To identify clinical and laboratory parameters helpful in predicting potential responders to rituximab treatment and to distinguish the early signs of RA relapse, we performed the analysis of rituximab responders versus non-responders. Responders and non-responders were similar with respect to circulating immunoglobulin levels, levels of RF and total number of circulating B cells before the treatment. The effect of rituximab regarding the changes in the B-cell-dependent parameters after the treatment such as the B-cell free period, levels of immunoglobulins and changes in RF levels were similar between the responders and non-responders. These data are in agreement with reports of Cambridge et al. [11] and Leandro et al. [12]. Interestingly, we observed that high levels of circulating B cells producing IgM before rituximab treatment were associated with deficient treatment response. In contrast, numbers of IgM-producing B cells decreased to low levels following rituximab irrespective of the clinical outcome. Scanty information is available about the tissue-specific depletion of B cells from bone marrow or from synovia of RA patients. Neither antigen-presenting properties of remaining B cells/macrophages have been a subject of investigation following anti-CD20 treatment. These parameters may be important for the identification of potential rituximab responders prior to treatment.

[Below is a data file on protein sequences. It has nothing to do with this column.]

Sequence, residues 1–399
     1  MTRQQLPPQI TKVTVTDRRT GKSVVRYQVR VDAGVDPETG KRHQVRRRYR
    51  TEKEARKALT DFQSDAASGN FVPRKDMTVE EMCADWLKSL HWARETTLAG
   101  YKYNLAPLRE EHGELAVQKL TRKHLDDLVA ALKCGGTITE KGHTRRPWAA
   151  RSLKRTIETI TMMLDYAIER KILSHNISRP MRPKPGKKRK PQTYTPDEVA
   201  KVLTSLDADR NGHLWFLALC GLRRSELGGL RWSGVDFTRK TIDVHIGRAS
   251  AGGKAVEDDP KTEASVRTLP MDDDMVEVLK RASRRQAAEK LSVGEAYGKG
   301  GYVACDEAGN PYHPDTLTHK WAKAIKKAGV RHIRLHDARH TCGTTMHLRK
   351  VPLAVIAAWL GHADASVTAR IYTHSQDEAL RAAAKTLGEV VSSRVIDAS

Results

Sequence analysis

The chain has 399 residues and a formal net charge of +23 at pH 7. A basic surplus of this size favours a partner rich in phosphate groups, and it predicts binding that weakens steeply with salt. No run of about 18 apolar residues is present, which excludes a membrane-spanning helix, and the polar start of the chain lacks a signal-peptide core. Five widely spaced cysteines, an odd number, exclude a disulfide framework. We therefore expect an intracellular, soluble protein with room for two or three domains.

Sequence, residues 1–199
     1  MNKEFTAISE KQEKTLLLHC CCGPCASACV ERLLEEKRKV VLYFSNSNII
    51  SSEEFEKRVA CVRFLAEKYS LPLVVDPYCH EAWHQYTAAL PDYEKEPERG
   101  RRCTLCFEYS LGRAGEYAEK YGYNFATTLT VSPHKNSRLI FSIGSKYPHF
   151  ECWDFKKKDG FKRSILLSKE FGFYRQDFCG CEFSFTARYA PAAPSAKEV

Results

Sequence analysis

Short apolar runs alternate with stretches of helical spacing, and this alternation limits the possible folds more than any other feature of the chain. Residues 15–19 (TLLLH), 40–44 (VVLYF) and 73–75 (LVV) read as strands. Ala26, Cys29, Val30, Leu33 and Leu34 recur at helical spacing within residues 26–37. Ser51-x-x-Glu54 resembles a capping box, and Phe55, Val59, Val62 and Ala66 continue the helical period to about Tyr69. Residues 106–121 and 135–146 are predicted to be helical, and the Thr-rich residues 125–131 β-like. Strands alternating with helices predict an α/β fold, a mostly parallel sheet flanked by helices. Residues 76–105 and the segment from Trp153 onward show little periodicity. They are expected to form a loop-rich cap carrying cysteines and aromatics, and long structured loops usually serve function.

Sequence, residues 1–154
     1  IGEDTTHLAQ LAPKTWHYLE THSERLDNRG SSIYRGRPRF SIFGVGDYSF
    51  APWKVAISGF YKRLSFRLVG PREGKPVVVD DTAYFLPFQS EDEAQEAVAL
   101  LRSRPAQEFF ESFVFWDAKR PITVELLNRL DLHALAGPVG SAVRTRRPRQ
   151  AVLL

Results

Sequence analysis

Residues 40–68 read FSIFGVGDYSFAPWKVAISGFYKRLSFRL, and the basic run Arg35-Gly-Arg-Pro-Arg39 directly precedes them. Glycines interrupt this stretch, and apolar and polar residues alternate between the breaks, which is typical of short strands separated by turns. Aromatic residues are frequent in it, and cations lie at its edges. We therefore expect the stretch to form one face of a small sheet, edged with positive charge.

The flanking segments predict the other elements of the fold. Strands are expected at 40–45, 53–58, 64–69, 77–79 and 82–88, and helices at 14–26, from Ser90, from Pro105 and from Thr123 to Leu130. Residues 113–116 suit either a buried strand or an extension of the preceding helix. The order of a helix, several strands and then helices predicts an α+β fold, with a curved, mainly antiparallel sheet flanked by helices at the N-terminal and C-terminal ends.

In conclusion, we observed that B-cell depletion with anti-CD20 antibodies (rituximab) may be successfully used for the treatment of RA in most of the patients refractory to conventional DMARDs/anti-TNF-α treatment. Treatment with rituximab was well tolerated and may be used repeatedly in the same patient and can potentially increase the sensitivity to previously inefficient treatment modalities, such as MTX/TNF-α inhibitors.

Acknowledgment

This work was supported by the Göteborg Medical Society, the Swedish Association against Rheumatism, King Gustaf V’s Foundation, the Swedish Medical Research Council, Nanna Svartz Foundation, Roche AB and the University of Göteborg.